1

Reseaching early keyboard layouts, Wiki states that early keyboards, to facilitate Gregorian chant, had eight white keys per octave, leaving just four 'black keys' - which may well have been white, as the colours were reversed - another story!

It's well known that along with A, B, C, D. E, F and G, B♭ was incorporated in pieces. Hence B♮ was called (and still is) H in German.

Question is - why would B♭ and B♮ be arranged in such a way that the lower pitched B♭ was on the right of the higher pitched B♮. Logically, that doesn't make sense.

8
  • Possible duplicate of music.stackexchange.com/q/14954/9426 Apr 29 '20 at 11:34
  • 1
    If you're referring to the quote in the question this possibly duplicates, "The earliest designs of keyboards were based heavily on the notes used in Gregorian chant (the seven diatonic notes plus B-flat) and as such would often include B♭ and B♮ both as diatonic "white notes," with the B♮ at the leftmost side of the keyboard and the B♭ at the rightmost." - I can't eliminate the possibility this quote refers to B♮ being the leftmost note on the keyboard and B♭ being the rightmost, with B♭ always placed to the left of B♮ unless it's at the very end of the keyboard.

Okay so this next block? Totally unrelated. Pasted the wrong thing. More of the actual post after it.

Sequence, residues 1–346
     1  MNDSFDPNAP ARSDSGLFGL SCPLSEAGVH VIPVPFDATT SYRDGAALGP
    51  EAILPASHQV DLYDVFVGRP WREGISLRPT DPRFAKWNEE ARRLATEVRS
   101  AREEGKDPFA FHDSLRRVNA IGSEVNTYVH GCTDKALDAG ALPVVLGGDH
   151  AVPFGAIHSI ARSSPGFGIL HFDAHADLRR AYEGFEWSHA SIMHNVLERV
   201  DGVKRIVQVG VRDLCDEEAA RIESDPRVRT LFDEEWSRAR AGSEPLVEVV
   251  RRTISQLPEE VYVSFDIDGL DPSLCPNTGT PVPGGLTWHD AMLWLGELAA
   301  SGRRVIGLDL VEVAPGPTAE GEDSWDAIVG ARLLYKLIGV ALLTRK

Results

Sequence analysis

– Dekkadeci
    Apr 29 '20 at 13:08
  • @Dekkadeci - You are most likely correct. The way it's phrased does say 'with Bnat at the leftmost side of the keyboard etc. BUT that says to me there's only one Bnat, which again defies logic. Maybe it should say 'Bnat. at the leftmost side of each octave. That would then make sense, and put Bb as the top note of each octave, with Bnat. following. But it doesn't say that !! Maybe change your comment into an answer - with explanation..?
    – Tim
    Apr 29 '20 at 13:39
  • which exact Wikipedia page are you referring to? Apr 29 '20 at 15:33
  • 1
    Aha.... my interpretation of that (IMHO) poorly-written section is that they mean the B-natural was the leftmost key in each run of white keys, and the Bflat the rightmost key in each run of white keys. So in a given modern octave Bflat is still below the B-nat key, but the black keys are placed differently to provide a "bound" for the white keys in a given more-or-less octave range. Apr 29 '20 at 15:38

Your Answer

By clicking “Post Your Answer”, you agree to our terms of service, privacy policy and cookie policy

Browse other questions tagged or ask your own question.